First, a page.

So, there you have it.  The entire game explained, including the advanced rules in just a few minutes.  The rule sheet included with the game is mostly pretty clear, but there are a few spots where things are confusing and require a reread.  There is a pretty good FAQ on Board Game Geek that covers pretty much all of the edge cases and potential rules confusion areas.

Score: 7/10 x2

Dice of Crowns is a press-your-luck game, so it won't appeal to everyone.  But it's a press-your-luck game that really does a great job of keeping everyone engaged throughout the entire game, even in between turns.  There is a bit of strategy and social gameplay involved, too, which is unusual for a press-your-luck dice game.  The basic game is very simple, but the advanced rules really add a lot to think about.  Even the basic game is interesting with the Scrolls though.
Press-your-luck makes the game easy and fast.  The scrolls make the game exciting and engaging!
I really like how the game is simple enough to teach in just a couple of minutes, and casual enough that you can play without thinking too deeply, yet there are fun decisions and everyone remains engaged in the game the whole time.  This is a great conversation game that can be played at a restaurant while waiting for food, at the pool while the kids swim, at the beginning of game night while waiting for everyone to show up, or any other time that a quick, casual game is needed.  It's the kind of game that someone can jump into or out of in the middle of the game and it won't mess things up.  I wouldn't make an entire game night revolve around Dice of Crowns, but it's one that is a hit every time I pull it out.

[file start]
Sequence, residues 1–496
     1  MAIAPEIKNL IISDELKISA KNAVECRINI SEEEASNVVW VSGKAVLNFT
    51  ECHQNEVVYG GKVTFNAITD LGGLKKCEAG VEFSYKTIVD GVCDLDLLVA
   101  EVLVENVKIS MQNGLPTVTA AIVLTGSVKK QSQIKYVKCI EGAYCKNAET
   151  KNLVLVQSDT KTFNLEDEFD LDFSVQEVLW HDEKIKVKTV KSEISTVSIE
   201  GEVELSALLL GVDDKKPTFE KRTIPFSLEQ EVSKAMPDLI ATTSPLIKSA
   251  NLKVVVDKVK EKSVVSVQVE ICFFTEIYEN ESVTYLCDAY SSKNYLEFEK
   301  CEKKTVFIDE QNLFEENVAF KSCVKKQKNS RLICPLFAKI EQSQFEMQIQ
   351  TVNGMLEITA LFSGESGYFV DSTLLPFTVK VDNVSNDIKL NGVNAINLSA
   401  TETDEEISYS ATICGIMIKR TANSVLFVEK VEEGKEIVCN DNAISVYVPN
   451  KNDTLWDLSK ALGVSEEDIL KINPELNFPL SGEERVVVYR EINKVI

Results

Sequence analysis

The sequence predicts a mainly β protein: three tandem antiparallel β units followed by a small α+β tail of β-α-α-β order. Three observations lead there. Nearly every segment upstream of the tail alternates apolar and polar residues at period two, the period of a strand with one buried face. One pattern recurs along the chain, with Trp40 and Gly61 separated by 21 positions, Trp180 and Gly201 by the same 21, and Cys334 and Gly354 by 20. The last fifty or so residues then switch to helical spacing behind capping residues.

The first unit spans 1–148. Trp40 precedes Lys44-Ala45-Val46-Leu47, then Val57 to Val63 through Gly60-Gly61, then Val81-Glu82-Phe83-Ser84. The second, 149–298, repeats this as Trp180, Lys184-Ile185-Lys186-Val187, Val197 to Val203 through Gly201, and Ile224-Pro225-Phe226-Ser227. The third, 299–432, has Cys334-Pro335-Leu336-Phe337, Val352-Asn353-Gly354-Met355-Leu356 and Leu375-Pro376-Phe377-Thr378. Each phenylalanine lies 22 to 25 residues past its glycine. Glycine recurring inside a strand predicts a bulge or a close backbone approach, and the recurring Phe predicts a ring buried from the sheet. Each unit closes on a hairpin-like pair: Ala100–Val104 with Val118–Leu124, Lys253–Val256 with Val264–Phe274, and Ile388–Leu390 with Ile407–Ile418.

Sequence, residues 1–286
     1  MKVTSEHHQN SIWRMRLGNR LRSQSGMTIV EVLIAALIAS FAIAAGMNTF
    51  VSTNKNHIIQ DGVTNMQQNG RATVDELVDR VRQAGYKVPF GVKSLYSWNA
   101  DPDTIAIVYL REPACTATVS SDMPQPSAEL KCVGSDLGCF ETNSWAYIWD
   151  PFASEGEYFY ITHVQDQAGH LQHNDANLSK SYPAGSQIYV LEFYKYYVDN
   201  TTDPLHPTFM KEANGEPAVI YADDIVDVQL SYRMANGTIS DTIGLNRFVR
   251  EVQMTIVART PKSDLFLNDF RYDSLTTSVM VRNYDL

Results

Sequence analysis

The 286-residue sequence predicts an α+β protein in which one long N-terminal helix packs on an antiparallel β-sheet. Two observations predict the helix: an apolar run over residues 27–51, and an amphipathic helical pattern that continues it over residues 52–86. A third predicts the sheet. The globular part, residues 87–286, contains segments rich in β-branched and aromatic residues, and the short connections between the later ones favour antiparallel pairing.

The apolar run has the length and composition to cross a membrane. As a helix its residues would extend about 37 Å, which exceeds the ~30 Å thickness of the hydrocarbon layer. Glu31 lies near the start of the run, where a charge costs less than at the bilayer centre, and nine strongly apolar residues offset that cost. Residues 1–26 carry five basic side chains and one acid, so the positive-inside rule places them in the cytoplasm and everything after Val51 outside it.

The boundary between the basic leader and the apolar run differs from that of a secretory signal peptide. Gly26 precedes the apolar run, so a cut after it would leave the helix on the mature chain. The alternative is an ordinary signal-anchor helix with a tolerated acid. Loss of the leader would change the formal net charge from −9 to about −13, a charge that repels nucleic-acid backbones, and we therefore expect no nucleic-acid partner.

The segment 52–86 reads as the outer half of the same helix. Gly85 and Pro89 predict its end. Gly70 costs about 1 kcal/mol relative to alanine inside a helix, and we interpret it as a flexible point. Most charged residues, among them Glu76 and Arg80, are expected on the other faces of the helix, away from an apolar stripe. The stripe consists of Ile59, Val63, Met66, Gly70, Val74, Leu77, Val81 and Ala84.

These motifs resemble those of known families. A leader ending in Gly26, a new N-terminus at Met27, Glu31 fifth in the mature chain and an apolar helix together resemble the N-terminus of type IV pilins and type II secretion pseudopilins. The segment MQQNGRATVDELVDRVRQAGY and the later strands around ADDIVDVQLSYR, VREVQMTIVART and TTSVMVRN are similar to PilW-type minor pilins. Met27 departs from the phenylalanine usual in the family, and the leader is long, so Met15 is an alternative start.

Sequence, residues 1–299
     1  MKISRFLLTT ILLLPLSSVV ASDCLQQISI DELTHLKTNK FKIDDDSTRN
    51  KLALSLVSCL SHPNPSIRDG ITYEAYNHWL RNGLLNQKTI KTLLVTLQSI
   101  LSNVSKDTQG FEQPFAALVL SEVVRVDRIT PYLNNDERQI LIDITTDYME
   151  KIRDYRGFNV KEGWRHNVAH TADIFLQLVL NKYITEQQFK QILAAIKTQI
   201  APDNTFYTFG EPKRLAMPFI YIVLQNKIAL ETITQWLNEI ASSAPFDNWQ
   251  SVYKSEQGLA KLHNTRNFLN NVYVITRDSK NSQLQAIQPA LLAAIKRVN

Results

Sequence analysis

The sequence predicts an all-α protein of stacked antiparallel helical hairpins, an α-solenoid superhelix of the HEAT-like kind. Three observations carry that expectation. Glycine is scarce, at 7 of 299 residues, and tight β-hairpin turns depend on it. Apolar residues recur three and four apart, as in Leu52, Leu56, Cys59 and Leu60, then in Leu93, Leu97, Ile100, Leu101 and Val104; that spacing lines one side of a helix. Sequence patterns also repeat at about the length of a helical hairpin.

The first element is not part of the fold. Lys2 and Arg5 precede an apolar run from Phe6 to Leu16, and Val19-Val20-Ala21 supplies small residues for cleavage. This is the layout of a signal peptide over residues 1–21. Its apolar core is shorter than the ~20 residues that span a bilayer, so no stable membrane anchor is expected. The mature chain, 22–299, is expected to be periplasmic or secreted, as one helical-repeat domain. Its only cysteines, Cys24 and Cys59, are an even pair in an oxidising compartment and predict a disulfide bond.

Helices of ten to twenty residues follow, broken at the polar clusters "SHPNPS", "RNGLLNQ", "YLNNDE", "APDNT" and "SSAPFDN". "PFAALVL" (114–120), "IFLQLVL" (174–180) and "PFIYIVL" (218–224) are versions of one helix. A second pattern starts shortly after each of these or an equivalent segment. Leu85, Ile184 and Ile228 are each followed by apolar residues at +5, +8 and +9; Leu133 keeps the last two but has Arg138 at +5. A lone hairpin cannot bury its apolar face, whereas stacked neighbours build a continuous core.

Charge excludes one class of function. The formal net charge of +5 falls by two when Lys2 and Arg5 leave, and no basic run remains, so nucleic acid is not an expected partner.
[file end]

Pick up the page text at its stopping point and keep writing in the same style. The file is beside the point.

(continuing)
As I mentioned above, I even played Dice of Crowns with a group of nine Cub Scouts (ten including me).  The mechanics held up well even at the higher player count.  I did tweak a few things, and we only played to the claim tokens, although we did use the fate tokens.  We didn't require a player to roll dice if they weren't passed at least three, which sped up the game a bit.  If I play with that many again, I think I'd say you can only pass scrolls to the next three players, and they can only pass daggers to any player between you and three players after them.  That should keep the dice grouped a little more, but regardless, the game held up and was fun even with a group of ten.
Eight of the nine Scouts that played.  Everyone had a blast, even at such a high player count!